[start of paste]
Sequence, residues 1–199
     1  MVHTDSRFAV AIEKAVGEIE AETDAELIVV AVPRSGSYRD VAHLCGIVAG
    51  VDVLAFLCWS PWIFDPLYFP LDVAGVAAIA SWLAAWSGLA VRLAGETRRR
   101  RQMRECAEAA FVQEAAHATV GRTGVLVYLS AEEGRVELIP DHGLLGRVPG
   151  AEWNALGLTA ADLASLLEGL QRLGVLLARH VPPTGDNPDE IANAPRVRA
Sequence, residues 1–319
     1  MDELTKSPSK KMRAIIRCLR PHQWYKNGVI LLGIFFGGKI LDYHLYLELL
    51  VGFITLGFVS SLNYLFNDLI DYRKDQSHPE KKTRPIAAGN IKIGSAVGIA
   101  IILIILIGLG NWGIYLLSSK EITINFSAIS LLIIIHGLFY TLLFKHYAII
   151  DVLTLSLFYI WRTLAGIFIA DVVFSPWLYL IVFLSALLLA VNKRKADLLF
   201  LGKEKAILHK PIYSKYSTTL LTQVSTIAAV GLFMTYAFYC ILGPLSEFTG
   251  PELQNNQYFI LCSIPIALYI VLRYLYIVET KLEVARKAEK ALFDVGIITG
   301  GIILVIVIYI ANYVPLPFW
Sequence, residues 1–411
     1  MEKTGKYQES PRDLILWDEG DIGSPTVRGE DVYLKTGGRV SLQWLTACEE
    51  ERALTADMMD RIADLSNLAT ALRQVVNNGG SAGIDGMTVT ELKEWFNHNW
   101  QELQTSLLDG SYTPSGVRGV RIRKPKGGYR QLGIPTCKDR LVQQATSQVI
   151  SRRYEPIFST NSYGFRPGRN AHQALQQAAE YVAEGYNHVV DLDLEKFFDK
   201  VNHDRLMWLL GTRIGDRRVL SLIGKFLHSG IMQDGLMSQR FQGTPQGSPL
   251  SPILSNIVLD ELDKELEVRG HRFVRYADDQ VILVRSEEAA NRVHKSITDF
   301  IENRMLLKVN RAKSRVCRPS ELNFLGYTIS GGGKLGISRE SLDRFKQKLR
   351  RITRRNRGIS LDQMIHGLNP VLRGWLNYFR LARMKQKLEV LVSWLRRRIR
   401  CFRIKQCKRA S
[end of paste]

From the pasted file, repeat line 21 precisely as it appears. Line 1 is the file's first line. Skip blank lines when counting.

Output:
   301  IENRMLLKVN RAKSRVCRPS ELNFLGYTIS GGGKLGISRE SLDRFKQKLR